Worse, WE are all that is left; the custodians of a Freedom earned through massive sacrifice made by others on our behalf. It is NOT OURS to give away but we just cannot help ourselves because we're taught to be so. damn. afraid. Meanwhile, the law concerns itself with idiocies such as Intelligent Design and its place in the classroom; fiddling as Rome burns.

    Whilst I find these early postcards insightful and very interesting, I ponder on the artists naive innocence and wonder how anyone at that time could have imagined such a disgraceful future for ourselves.

    One need only view a minute of Fox News to understand that George Orwell's dystopic vision has been fully realised; slowly and with much more subtlety than I would have ever thought possible. Maybe it's really myself that's the naive one here.

  • Re:Predictions (Score:3, Insightful)

    by laejoh (648921) on Tuesday October 16, 2012 @05:30AM (#41667135)
    Even better: "A Logic Named Joe" is a science fiction short story by Murray Leinster that was first published in the March 1946 issue of Astounding Science Fiction. Look it up :)
  • Re:Predictions (Score:4, Insightful)

    by mcgrew (92797) * on Tuesday October 16, 2012 @12:56PM (#41671545) Homepage Journal

    That's because the internet and pocket computing have made little difference to how people live their lives. I know this is heresy on slashdot

    Not heresy, just the ignorance of someone who has had these devices all their life. You have every single book ever writen before Micley Mouse stole copyright, you have a camera, movie camera, sound recorder, telephone, calendar, calculator, address book in your pocket. You no longer have pay phones.

    If you wanted to contact someone who didn't live close by in pre-internet times, you spent quite a sum to talk over the phone, or you wrote a letter on paper and set it to them, and they'd get it in a week or two. If you wanted to send a photo, you had it printed and again, they'd have it in a week or two. If you took a picture, you couldn't see it for a week because that's usually how long it took to get film processed.

    If your band wanted to record its own album, tough shit -- nobody recorded without an RIAA contract. There was no such thing as indie music. Nobody would hear your band unless they were drinking in the bar you played in. Today your band in empowered, if you're good you may go viral on the internet.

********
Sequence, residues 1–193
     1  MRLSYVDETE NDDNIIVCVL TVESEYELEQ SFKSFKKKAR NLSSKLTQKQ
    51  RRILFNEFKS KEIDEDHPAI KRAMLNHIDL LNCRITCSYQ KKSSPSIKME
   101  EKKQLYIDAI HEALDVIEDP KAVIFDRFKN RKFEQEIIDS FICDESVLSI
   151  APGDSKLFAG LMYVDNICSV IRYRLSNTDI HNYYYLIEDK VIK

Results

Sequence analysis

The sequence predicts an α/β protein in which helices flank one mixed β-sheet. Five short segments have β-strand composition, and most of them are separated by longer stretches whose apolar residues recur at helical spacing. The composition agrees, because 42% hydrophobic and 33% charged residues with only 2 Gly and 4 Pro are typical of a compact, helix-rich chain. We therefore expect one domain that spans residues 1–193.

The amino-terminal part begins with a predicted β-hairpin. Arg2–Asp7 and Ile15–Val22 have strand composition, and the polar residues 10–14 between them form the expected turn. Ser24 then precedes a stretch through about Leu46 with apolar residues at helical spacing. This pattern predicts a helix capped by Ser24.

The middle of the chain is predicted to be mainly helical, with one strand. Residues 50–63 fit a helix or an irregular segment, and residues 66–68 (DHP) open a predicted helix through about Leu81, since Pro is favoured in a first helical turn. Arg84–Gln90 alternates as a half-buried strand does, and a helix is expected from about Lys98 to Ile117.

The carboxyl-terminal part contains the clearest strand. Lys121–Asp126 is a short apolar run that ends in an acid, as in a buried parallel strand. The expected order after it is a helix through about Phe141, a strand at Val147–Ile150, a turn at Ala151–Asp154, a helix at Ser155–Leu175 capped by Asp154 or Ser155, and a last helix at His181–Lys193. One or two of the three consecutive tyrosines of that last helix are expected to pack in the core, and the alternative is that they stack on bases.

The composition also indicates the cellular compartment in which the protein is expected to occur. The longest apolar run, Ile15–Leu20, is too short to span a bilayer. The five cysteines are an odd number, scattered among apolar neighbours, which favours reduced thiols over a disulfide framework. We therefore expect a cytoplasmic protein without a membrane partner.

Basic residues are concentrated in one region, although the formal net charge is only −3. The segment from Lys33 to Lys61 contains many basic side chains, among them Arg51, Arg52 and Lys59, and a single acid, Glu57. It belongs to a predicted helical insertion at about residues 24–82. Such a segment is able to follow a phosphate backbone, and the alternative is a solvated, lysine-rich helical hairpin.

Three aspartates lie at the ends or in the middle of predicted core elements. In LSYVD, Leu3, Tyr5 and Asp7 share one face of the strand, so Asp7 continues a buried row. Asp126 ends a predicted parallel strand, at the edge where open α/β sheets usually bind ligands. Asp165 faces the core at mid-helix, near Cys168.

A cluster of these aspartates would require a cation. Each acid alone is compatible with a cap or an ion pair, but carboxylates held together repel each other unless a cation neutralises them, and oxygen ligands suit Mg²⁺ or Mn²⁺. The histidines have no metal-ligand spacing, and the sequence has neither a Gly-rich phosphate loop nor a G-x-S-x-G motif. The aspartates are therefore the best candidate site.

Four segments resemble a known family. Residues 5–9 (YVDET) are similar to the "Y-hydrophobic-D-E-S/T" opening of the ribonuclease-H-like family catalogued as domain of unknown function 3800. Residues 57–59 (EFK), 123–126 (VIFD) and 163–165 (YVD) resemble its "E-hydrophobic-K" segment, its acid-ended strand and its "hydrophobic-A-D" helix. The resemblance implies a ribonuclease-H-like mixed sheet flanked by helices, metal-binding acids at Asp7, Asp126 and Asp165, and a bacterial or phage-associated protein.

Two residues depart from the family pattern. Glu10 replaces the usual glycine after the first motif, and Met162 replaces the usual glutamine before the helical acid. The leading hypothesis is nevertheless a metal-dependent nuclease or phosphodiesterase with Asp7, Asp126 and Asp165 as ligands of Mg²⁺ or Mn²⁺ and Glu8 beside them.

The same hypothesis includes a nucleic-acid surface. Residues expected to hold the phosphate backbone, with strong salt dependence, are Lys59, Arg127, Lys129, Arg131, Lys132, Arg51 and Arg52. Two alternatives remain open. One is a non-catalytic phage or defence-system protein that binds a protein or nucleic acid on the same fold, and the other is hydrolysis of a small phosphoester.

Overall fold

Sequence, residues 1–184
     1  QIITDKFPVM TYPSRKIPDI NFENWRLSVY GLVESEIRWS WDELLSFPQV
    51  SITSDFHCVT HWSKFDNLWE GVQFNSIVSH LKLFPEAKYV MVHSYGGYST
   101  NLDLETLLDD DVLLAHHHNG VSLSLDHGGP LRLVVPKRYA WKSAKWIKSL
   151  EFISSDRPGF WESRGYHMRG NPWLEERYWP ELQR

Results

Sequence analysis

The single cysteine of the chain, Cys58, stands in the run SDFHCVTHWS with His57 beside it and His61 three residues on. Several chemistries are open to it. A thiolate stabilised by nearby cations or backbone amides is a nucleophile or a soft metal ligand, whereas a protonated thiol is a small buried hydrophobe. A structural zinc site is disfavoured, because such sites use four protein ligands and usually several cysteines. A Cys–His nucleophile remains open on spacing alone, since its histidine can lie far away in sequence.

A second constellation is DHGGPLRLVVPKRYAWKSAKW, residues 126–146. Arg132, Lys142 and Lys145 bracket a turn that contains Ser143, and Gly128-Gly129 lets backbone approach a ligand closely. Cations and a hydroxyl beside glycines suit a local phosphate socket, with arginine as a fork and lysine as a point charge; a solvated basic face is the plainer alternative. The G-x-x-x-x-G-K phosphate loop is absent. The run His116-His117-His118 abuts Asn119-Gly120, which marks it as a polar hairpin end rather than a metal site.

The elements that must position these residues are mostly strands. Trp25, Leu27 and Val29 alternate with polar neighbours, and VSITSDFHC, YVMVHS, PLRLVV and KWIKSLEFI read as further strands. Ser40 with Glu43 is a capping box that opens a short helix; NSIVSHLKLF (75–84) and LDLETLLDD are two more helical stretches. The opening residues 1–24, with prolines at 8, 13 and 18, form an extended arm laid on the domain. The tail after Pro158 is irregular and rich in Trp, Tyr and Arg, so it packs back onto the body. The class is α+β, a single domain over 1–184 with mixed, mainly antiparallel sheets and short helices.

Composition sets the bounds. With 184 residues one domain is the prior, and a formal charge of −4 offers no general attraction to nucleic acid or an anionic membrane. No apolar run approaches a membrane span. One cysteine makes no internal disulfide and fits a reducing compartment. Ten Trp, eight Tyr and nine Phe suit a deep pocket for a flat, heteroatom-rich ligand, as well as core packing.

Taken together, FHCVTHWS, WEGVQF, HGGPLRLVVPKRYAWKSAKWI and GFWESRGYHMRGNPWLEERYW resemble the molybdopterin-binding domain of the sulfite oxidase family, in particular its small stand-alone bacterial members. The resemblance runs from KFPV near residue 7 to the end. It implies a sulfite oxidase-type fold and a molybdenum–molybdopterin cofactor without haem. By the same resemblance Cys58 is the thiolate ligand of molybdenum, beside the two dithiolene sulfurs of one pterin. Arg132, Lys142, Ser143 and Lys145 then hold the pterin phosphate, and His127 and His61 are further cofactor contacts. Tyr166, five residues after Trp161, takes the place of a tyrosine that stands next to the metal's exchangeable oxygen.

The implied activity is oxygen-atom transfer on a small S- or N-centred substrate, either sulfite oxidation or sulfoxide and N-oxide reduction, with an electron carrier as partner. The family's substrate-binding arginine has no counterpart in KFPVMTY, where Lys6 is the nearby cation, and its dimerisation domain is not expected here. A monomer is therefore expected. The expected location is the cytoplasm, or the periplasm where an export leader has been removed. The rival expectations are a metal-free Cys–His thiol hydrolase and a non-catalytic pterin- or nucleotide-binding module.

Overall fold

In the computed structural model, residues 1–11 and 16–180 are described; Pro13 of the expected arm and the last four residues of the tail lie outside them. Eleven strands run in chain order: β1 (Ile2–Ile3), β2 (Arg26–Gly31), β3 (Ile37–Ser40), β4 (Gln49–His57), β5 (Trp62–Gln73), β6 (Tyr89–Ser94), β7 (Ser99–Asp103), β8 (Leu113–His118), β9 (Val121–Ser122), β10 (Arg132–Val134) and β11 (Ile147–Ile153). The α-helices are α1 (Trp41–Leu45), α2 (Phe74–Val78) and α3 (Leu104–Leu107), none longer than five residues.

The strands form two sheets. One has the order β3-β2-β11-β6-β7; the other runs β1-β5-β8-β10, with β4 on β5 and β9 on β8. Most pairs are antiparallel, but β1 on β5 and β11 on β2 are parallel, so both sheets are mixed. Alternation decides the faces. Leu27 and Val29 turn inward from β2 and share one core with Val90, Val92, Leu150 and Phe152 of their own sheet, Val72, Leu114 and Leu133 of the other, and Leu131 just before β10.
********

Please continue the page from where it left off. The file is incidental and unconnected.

If you wanted to write, nobody would read it without the blessing of a book publisher. If you wanted to express your opinion on politics, you wrote a letter to the editor and he would get it in a week, and then not print it. Letters to teh editor are printed at the editor's whim. Now, anybody can publish a blog and if it's good it will be read.

    the fact remains that being poor and having a crappy smartphone still means you're poor.

    If you're poor you're not going to have a crappy smartphone, you'll have a crappy dumb phone, and then only if your government or a charity supplies it.

    Their has been no increase in equitable power and wealth distribution due to the internet

    Nor has it given us free energy, flying cars, and world peace. So fucking what? That wasn't its intended purpose. Its purpose was communication, and it's been serving its purpose well.

    We've just got some new toys.

    No, we've got some new tools. Very powerful tools. The internet is more world-changing as the Gutenberg press was. I know, I lived most of my life without it. Without the internet, you wouldn't have my Nobot stories or the Paxil Diaries. You would have never seen that shot from an airplane of the last shuttle launching. before the internet, if a cop beat you, well, you tripped and fell. Now someone's got a camera phone aimed at him.

    The Rodney King riots would not have happened ten years earlier, because nobody would have made a movie of him getting beaten. Powerful tools, son. I did without them for almost half a centurey, be glad you have them.